Little House on the Prairie (1974–1983): Season 2, Episode 18 - The Long Road Home - full transcript

When their grain doesn't sell for enough to see their families through the winter, Charles and Isaiah hire on with the railroad to haul a wagon-load of highly explosive nitroglycerin over a treacherous mountain road and, as their journey progresses, find themselves dealing with situations almost as volatile as the freight they so carefully carry.

Well, what do you say?

Sorry. But 7 cents a bushel
is the best I can do.

You've got to
be joking.

You paid us 34 cents
a bushel last year.

What happened?

Well, it's a bumper crop.
Too much grain.

Bottom fell
clean out of it.

Well, what
do you think?

I think we're going to
have a hard time

paying back the money
we borrowed to buy seed.

Yeah, but I'm giving
you a penny more

than the other buyers
will give you.

All right, Mr. Calder.
If that's it, that's it.

Next year's
bound to be better.

What I need is another way
of making a living.

Yeah. Well,
if you mean that,

you ought to go over
to the hiring hall.

The railroad's got
a man there hiring.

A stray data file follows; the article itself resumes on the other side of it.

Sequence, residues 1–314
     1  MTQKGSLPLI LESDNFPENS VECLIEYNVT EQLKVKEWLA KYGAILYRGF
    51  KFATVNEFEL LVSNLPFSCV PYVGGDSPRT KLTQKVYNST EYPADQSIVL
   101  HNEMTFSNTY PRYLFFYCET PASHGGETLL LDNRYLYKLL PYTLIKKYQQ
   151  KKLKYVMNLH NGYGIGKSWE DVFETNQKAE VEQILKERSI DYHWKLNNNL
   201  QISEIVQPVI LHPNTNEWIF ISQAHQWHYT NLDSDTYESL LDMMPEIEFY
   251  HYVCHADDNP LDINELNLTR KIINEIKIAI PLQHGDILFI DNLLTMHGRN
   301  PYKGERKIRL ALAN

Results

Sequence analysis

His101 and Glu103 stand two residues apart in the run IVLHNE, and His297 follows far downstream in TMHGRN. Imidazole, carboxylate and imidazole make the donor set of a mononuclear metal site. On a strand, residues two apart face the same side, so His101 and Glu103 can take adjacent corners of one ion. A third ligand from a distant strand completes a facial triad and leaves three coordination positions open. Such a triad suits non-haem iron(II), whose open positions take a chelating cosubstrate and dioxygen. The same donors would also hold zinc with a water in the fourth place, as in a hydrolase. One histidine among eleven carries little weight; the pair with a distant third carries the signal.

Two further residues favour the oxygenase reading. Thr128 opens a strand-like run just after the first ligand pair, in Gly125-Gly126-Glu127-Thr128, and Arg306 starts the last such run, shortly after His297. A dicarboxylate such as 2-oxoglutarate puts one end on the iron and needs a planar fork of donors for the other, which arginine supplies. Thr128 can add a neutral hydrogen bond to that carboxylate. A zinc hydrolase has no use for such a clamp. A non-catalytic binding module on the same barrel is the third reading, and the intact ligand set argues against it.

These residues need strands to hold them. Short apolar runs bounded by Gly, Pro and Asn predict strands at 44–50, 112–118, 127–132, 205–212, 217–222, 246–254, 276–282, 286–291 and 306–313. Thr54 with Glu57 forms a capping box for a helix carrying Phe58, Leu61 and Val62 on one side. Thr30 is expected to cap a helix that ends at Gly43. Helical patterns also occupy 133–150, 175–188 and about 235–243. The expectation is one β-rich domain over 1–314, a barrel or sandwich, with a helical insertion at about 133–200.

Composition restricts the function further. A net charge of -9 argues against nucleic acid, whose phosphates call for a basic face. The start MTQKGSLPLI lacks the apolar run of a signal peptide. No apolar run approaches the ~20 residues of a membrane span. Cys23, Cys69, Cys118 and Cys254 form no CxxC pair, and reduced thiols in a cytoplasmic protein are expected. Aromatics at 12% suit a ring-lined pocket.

Do no harm to talk.

We'll unload
your wagon.

Thank you.

Try the hiring hall?

What have we got
to lose?

I can do for you?

We're looking for work.
We heard you were hiring.

Well, let's see.
I need 12 drillers,

two powdermen,
25 laborers,

two swampers,
and a cook,

and I got them all.
Only thing open

is a couple
of freighting jobs

you might not want.

What kind of freight?

Well, it's mountain country.
Hard going.

Mountains? We have them
for breakfast.

How much you pay?

Well, it's a short job.
10 days. Two weeks.

We're paying
$100 in beans,

both ways.

$100 for 10 days?
What are we hauling?


Never seems to fail.

Don't worry about it.
I've worked with dynamite.

He's talking about
blasting oil.

It ain't
the same thing.

You hit
a chuckhole

with a wagonload
of that stuff,

they'll be
raking you up

from here
to Springfield.

You want the job,
you get

the train here
at 6 P.M. Friday.

You want to take it?

If we don't,

it's going to be
a long winter.

All right, lookit.
It'll take us 3 days

to get back
to walnut grove.

We want to say good-bye
to our families.

We'll never make it back
here in time for the train.

Well, you can
get the train

in Springfield
Saturday morning.

We'll be on it.

I'll need some

Oh! Oh, Charles!

Oh! Oh, I'm so glad
you're back!

So am I.

Oh, I missed you.

I missed you.

Mmm. I'm glad.

Did everything
go all right?